Israel takes new tourism initiative to attract visitors
Published on : Friday, May 24, 2019
Israel recorded 1.14 million overseas visitors in the first quarter of this year, up 14% from the corresponding period of 2018. With new travel friendly services initiated in the country, Israel is certainly set to welcome record millions by the end of 2019.
- Israel Pass – Make your trip smooth and easy and secure entry into six best national parks and nature reserves including Masada, Ein Gedi, Caesarea, Qumran and enjoy unlimited use of public transportation throughout Israel with the all new Israel Pass. Launched by the Israel Nature and Parks Authority, the Ministry of Transport and Road Safety and the Ministry of Tourism, the card can be purchased at the Ministry of Transport and Road Safety booth in the arrival’s hall in Terminal 3 at Ben Gurion Airport
- The Ilan and Asaf Ramon International Airport – The country’s newest airport located in Timna Valley will service the Red Sea resort city of Eilat and surrounding region and is Israel’s first civil airport built from scratch. Slated to become a major game changer for local and international tourism to Israel, the new airport is expected to host 2.25 million passengers annually which is estimated to touch 4.25 million travellers per year. Spread across 1,250 acres, the airport is a minimalist and futuristic design in the middle of the Negev Desert framing the stunning scenery of the Desert mountainscape
- New bus line connecting Ben Gurion Airport to Tel Aviv hotels–Number 445, the new bus line launched by the Kavim company will operate 24 hours a day, Sunday to Thursday on an hourly frequency. The line will function until one hour before the Sabbath begins on Friday and from an hour after the Sabbath ends on Saturday night. Costing NIS 9.30, tourists are taken on a unique route from Ben Gurion Airport passing Tel Aviv’s hotel areas, Ben Yehuda Street, Yehuda Halevi Street, Menachem Begin Street and the railway complex. It also joins the Israel Railways train lines which operate from the train stations in Tel Aviv, 24 hours a day until the Sabbath begins. Tourists can save time and need not switch to another mode of public transportation at the train station in Tel Aviv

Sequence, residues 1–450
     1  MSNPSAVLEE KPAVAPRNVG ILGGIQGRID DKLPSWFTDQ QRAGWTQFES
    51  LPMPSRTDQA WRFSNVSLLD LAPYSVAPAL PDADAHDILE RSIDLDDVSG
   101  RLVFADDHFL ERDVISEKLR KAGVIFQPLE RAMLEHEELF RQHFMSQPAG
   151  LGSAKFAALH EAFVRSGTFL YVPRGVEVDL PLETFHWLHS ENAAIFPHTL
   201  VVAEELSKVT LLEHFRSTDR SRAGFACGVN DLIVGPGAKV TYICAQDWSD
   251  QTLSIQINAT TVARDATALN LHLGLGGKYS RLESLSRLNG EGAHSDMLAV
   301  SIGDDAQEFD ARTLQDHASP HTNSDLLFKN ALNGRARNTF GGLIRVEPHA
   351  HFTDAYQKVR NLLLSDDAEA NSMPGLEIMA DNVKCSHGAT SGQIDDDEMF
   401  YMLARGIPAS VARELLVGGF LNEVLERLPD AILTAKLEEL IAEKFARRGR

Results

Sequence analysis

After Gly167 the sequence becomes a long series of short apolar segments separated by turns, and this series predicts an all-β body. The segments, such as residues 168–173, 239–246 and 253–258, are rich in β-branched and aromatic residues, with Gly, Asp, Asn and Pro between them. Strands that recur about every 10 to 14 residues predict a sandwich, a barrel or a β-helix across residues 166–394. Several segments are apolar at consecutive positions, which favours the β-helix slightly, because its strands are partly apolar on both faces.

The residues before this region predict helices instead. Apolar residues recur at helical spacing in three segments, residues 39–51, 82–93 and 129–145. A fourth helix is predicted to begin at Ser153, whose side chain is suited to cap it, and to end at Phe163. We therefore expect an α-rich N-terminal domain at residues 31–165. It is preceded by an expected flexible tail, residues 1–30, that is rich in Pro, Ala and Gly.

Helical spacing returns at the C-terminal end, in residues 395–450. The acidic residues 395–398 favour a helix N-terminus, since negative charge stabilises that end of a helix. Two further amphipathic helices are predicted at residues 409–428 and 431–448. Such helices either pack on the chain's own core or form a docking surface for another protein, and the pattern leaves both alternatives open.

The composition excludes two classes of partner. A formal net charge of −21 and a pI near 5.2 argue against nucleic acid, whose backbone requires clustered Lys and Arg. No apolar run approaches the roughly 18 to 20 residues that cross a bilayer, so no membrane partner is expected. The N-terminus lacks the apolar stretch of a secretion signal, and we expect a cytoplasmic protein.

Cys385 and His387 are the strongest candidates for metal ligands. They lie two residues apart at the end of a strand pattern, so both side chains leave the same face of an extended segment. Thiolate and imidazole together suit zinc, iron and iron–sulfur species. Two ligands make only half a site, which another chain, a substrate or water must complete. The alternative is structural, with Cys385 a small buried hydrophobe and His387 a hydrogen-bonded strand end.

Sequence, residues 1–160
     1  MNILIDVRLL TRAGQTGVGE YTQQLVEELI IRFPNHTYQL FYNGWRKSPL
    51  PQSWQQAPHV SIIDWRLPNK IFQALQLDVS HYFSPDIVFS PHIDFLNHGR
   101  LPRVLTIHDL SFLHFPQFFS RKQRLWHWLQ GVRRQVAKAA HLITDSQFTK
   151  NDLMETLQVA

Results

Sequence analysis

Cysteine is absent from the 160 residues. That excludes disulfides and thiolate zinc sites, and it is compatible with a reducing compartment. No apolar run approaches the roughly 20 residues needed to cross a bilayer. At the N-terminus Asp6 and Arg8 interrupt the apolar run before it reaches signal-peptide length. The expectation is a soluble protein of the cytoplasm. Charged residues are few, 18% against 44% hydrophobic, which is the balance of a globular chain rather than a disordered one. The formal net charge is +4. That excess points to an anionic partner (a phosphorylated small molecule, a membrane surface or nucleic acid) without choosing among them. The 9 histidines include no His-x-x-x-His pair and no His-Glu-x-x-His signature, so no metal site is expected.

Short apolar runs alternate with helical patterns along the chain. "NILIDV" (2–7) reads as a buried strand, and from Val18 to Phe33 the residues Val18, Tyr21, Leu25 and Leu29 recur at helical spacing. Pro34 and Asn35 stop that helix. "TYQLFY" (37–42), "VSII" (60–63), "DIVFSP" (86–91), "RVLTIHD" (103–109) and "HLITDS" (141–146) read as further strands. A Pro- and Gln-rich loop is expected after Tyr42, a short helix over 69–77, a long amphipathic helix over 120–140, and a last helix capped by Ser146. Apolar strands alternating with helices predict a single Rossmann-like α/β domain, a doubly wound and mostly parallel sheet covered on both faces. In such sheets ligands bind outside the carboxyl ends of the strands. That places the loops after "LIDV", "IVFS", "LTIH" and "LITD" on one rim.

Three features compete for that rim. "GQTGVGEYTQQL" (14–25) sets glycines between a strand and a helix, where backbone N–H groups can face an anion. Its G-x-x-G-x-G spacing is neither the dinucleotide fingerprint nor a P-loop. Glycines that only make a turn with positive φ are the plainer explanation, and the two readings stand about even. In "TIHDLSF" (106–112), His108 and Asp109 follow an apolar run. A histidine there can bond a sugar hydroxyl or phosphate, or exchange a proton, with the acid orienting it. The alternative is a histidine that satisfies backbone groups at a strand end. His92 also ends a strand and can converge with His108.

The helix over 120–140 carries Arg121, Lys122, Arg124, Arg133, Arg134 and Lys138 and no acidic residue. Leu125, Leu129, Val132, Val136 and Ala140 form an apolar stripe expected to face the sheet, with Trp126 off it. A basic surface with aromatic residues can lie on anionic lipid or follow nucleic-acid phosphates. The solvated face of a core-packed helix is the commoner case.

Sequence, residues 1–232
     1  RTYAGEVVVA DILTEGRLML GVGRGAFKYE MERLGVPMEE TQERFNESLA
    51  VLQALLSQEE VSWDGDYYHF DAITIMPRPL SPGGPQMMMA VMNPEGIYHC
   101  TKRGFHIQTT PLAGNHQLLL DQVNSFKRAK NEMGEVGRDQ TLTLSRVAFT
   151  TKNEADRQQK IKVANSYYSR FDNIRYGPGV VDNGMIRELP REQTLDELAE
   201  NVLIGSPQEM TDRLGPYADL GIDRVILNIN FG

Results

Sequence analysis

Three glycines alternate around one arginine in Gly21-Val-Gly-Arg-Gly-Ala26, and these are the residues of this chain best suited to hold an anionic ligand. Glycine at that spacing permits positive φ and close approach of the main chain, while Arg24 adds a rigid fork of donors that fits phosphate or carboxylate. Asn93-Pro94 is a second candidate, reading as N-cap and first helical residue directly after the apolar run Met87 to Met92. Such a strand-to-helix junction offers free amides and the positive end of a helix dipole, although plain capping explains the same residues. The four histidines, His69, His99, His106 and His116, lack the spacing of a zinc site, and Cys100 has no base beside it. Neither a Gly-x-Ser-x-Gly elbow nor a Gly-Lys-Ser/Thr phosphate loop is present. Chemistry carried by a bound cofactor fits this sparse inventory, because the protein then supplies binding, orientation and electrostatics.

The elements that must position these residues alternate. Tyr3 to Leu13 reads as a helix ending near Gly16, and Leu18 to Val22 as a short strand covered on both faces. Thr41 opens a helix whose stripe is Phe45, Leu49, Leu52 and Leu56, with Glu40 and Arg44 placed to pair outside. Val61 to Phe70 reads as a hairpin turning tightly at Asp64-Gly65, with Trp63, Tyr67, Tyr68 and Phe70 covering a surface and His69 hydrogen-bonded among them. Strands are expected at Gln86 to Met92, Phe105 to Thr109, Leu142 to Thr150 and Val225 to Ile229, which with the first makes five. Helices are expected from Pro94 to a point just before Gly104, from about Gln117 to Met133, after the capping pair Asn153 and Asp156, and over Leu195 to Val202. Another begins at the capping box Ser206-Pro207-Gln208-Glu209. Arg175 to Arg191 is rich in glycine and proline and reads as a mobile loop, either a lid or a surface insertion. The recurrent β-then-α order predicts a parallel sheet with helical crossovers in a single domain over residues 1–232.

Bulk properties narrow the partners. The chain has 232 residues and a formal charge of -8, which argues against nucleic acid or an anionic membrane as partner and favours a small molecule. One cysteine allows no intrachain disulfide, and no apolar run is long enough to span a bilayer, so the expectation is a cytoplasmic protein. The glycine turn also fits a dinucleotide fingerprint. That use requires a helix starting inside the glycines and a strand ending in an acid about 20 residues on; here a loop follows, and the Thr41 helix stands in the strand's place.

- New VIP Luxury Lounge at Ben Gurion Airport – The Fattal terminal at Ben Gurion Airport offers luxurious pre-flight services at all stages, from check-in to security and customs. With a conference room, two shopping stores, six private rooms, a resting room and a private bathing room, stewards are available to guests at all times. Passengers, who will be charged between$400 to $800 a head, who can wait in private rooms or in the lobby, may eat, drink or smoke a cigar and travel to the plane in a private vehicle. The private terminal will also enable businesspeople to come for two or three hours for a business meeting
- Ben Gurion Airport to be expanded – To cope with the increasing passenger traffic, Ben Gurion Airport’s main Terminal 3 will be expanded by 80,000 square-meters, including the addition of 90 new check-in counters, four new baggage conveyor belts and expansion of the existing duty-free space, immigration checkpoints and parking facilities. A fifth passenger concourse will also be constructed to accommodate additional aircrafts
- New on-demand shuttle service in Tel Aviv – New York ridesharing company Via Transportation Inc. in collaboration with Israeli public transportation company Dan have launched a new on-demand van shuttle service called Bubble. The app lets users order rides that automatically devises a route to best suit the needs of all passengers, who are picked up and dropped off only at existing bus stops, to which they are directed by the app. Users are charged a flat NIS 15 fee for a single ride during rush hours and NIS 12.5 otherwise which is significantly cheaper than a taxi or can also opt for a 10-ride subscription at NIS 120. Senior citizens get a 50% discount and the service is available from Sunday to Thursday, between 6 a.m. and 10 p.m.
Tags: Asia toruism, Israel, Tourism